In response to an inquiry by The Temple News, the Boys and Girls Clubs of Philadelphia advised students to be wary of a man who claims to be soliciting on behalf of the organization, although he has no affiliation.
The man, who claims to be with BGC, has often been sighted near Paley Library, close to the intersection of 13th Street and Polett Walk, Montgomery Avenue and close to the Student Center.
When approached by a Temple News reporter while soliciting candy outside the Student Center in December, the man said his name is Lawrence, but refused to provide his last name.
He was carrying a clipboard and donation box with a BGC logo that didn’t appear to be professionally printed.
“I’m just a volunteer, I don’t get paid,” Lawrence said when asked about the nature of his fundraising. “I’m doing this for free, I want to help out the community a little bit.”
Lawrence said he could only take cash, not checks, for what he called the “local community group” for which he said he is fundraising. He told The Temple News that anyone interested in donating could also do so at BoysandGirlsClub.com, which he spelled out. That website, however, directs to the site for Boys and Girls Club of Santa Ana, Calif. The website for BGCP is bgcphila.org.
Despite Lawrence’s claim of fundraising, Marcos Reynaga, a spokesman for BGCP, said the organization does not station representatives to solicit for donations anywhere on or near any university campus in Philadelphia. BGCP has also addressed reports of a street solicitor claiming to be part of the organization in Washington Square.
Lawrence claimed the organization he represents is based in West Philadelphia, “but we can canvass anywhere,” which contradicts BGCP’s official statement.
“BGCP does not solicit donations in this manner and does not currently have any individuals – staff or direct partners – collecting donations with management consent,” a BGCP statement emailed to The Temple News from Reynaga, said. “We have worked with fraternities and campus groups on short collection drives with proper consent in the past but not recently with BGCP staff making collections as has been described.”
BGCP acknowledged that some “charter groups within Boys and Girls Clubs of America” could potentially seek donations through street fundraising. Those organizations do not require BGCP consent, as they are not legally a part of the Philadelphia-based organization. Regardless, BGCP confirmed that any individual on Main Campus is not a legitimate employee or fundraiser of its office.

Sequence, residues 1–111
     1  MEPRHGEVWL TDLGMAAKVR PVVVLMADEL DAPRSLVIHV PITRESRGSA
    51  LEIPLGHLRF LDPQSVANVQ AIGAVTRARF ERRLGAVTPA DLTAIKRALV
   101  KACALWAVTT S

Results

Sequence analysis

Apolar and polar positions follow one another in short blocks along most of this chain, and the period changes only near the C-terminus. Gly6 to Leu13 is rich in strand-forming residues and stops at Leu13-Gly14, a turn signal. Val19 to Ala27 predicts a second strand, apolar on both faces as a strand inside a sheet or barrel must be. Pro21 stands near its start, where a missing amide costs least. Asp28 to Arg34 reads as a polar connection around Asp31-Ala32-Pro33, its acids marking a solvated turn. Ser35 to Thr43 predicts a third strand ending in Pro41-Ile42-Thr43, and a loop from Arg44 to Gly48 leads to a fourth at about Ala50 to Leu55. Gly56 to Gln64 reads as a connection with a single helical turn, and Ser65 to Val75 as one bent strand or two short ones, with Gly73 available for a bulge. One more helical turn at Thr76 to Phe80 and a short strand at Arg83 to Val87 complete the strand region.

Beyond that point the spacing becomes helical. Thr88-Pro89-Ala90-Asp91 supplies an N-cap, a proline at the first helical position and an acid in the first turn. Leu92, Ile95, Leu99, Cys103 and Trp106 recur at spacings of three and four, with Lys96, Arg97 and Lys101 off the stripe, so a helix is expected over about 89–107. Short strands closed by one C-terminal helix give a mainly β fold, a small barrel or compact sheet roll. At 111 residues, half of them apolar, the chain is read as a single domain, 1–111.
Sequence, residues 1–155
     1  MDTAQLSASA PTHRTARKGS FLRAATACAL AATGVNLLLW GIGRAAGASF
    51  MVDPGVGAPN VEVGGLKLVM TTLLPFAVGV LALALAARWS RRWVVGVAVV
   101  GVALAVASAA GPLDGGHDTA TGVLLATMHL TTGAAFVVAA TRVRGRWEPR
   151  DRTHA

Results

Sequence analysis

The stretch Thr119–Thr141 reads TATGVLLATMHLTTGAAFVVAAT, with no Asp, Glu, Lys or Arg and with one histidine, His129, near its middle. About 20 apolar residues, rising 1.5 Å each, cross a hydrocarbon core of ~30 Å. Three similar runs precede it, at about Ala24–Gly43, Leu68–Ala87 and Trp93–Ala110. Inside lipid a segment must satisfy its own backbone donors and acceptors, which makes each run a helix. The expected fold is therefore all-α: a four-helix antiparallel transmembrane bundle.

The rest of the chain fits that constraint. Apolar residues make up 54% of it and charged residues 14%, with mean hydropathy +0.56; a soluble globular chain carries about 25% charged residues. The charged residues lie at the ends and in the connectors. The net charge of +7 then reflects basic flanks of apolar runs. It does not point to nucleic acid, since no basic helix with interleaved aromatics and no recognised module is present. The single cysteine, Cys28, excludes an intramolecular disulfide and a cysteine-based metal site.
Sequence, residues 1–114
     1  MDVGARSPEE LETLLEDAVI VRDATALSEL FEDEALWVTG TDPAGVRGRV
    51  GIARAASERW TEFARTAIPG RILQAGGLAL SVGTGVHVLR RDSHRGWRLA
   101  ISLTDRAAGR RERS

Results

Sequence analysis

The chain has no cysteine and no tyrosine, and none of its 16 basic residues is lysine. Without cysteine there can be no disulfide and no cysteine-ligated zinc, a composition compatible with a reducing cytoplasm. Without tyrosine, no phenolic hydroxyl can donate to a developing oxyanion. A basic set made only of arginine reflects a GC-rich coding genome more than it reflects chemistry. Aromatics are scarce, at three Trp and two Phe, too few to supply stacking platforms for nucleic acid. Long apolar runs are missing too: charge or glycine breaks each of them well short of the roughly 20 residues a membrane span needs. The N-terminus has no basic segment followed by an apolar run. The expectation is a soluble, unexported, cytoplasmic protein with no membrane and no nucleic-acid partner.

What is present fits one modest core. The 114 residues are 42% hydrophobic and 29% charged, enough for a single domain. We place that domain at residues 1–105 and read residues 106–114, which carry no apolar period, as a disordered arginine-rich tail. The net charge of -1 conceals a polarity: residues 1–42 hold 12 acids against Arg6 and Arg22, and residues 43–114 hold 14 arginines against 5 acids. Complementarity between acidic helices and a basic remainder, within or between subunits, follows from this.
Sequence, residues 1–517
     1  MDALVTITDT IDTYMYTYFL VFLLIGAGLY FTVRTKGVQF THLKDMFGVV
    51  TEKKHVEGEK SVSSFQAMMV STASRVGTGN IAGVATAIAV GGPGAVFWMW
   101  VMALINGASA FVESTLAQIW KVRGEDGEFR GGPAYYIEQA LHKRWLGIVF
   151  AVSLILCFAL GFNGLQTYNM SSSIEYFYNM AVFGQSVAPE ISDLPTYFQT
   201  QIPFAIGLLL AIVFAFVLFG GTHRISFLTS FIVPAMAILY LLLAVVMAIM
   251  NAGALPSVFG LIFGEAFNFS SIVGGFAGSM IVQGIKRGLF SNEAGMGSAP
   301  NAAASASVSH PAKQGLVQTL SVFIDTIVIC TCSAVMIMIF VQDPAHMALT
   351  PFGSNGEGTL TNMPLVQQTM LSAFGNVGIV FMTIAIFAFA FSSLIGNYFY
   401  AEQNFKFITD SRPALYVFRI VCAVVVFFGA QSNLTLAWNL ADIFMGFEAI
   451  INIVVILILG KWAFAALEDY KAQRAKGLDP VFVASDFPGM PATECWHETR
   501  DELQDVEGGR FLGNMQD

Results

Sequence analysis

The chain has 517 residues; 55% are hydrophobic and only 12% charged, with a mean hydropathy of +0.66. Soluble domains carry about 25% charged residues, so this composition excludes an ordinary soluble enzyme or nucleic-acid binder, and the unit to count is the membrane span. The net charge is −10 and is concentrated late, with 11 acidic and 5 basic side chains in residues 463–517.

“We don’t have individuals collecting on any street corners,” Reynaga said.
Several students recalled encountering a solicitor on Main Campus as early as the spring semester of 2013 and continued reporting encounters throughout the end of this past fall semester.
Sophomore business management major Nicholas Bui said a man matching Lawrence’s description approached him three times during the past academic year. He said these encounters took place once outside Paley Library, once outside the Student Center and once outside of the 7-Eleven on Liacouras Walk.
Junior sociology major Michael Kovich said he called the BGC after doubting the individual’s credibility and received the same confirmation that the organization doesn’t have any representatives on Main Campus.
Students said they have seen the man selling both candy and granola bars for $5. Several recalled the solicitor indicating that proceeds of his sales went toward a youth basketball team associated with BGC.
Lawrence told The Temple News his organization is “not selling the granola [or candy] bars, we give them for free with a donation.”
Acting Executive Director of Campus Safety Services Charlie Leone said CSS has received only one report, called in on Nov. 20, of a student being harassed by the solicitor. The call notified CSS officers that the man was outside of Johnson & Hardwick residence halls, but Leone said when officers arrived to the scene he was no longer present.
Leone said he aims to identify the individual as soon as possible and has alerted officers to be on the lookout for any individual seen soliciting in the manner described by students.
Leone said CCS’ policy, if it determines an individual’s credibility is questionable, is to issue a trespass warning and require them to leave campus immediately.
Should the person return to campus, officers may arrest the individual. Leone said CSS hopes to address the solicitor as soon as possible.
“We certainly don’t want anyone at Temple to get duped,” Leone said.
Former sophomore criminal justice major Taylor August recalled seeing the solicitor near Paley Library on a Thursday afternoon.
“He was walking around the circle by the Bell Tower,” August said. “I always thought he was friends with the preacher guy. He just seems weird. I never bought [a granola bar] because I was wondering [if he was] really from the Boys and Girls Club.”
Other students were frustrated by the man’s attitude toward their attempts to donate.
“My boyfriend tried to give him a dollar and he said, ‘No, I don’t want that, you can only give [money] in $5s and $10s,’” sophomore early childhood education major Chelsea Leigh said. “My boyfriend took his money back and we walked away.”
Bui recalled when the man “cut in front” of him and his friends and tried to sell them candy, “but he would only accept dollar bills and not any change.”
Leone said students should report any suspicious encounters to Temple Police.
Erin Edinger-Turoff can be reached at email@example.com or on Twitter @erinJustineET.